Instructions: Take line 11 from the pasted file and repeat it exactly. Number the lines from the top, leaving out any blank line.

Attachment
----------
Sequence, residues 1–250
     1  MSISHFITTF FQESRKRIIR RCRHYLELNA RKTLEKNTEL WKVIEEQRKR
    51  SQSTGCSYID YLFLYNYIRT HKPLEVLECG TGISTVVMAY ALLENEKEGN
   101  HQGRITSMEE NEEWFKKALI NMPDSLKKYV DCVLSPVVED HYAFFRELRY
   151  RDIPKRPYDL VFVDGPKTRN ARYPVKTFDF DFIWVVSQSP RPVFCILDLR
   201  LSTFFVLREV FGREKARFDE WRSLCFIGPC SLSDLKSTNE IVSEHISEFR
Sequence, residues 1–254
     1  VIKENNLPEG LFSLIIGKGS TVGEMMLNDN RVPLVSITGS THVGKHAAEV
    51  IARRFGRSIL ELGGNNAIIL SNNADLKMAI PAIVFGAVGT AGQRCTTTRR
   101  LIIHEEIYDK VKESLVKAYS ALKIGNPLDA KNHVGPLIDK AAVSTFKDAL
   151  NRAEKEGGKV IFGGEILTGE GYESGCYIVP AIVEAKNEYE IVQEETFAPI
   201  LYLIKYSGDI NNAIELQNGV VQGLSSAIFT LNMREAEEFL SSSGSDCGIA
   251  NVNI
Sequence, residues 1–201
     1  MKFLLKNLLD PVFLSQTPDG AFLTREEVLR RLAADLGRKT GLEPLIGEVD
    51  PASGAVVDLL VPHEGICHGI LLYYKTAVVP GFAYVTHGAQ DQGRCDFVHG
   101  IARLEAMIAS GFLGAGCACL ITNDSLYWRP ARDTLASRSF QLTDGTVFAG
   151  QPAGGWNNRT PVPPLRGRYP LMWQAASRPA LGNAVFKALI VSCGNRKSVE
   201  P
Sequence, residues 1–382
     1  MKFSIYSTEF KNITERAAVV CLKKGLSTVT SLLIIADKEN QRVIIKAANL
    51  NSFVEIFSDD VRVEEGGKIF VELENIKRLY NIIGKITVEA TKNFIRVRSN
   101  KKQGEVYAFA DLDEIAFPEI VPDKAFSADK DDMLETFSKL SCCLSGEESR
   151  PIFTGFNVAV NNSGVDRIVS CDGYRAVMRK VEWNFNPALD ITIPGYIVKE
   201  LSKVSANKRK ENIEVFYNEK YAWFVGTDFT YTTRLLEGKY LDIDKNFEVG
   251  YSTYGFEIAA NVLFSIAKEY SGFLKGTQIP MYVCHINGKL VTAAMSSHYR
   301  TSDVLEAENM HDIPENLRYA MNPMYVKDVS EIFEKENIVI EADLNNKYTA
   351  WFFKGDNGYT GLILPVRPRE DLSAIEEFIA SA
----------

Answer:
   151  NRAEKEGGKV IFGGEILTGE GYESGCYIVP AIVEAKNEYE IVQEETFAPI